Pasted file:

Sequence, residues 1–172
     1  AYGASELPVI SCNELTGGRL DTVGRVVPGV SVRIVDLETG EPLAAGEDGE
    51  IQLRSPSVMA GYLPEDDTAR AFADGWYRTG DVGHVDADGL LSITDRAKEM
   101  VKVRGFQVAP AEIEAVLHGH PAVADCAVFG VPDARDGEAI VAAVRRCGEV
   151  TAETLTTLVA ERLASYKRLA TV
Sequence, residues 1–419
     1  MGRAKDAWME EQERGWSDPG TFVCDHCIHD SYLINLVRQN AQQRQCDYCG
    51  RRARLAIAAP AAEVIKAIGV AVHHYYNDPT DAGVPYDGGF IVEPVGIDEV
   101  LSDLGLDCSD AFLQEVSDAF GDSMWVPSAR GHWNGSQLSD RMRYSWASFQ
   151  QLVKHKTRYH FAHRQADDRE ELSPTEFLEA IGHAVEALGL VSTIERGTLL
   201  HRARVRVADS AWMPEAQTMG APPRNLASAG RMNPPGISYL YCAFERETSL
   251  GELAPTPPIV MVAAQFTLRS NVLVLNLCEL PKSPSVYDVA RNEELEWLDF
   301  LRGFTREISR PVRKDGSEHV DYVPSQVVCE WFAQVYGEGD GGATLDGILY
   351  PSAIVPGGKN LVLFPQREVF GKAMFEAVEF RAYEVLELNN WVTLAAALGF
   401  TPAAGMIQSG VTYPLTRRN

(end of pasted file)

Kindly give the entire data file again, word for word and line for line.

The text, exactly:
Sequence, residues 1–172
     1  AYGASELPVI SCNELTGGRL DTVGRVVPGV SVRIVDLETG EPLAAGEDGE
    51  IQLRSPSVMA GYLPEDDTAR AFADGWYRTG DVGHVDADGL LSITDRAKEM
   101  VKVRGFQVAP AEIEAVLHGH PAVADCAVFG VPDARDGEAI VAAVRRCGEV
   151  TAETLTTLVA ERLASYKRLA TV
Sequence, residues 1–419
     1  MGRAKDAWME EQERGWSDPG TFVCDHCIHD SYLINLVRQN AQQRQCDYCG
    51  RRARLAIAAP AAEVIKAIGV AVHHYYNDPT DAGVPYDGGF IVEPVGIDEV
   101  LSDLGLDCSD AFLQEVSDAF GDSMWVPSAR GHWNGSQLSD RMRYSWASFQ
   151  QLVKHKTRYH FAHRQADDRE ELSPTEFLEA IGHAVEALGL VSTIERGTLL
   201  HRARVRVADS AWMPEAQTMG APPRNLASAG RMNPPGISYL YCAFERETSL
   251  GELAPTPPIV MVAAQFTLRS NVLVLNLCEL PKSPSVYDVA RNEELEWLDF
   301  LRGFTREISR PVRKDGSEHV DYVPSQVVCE WFAQVYGEGD GGATLDGILY
   351  PSAIVPGGKN LVLFPQREVF GKAMFEAVEF RAYEVLELNN WVTLAAALGF
   401  TPAAGMIQSG VTYPLTRRN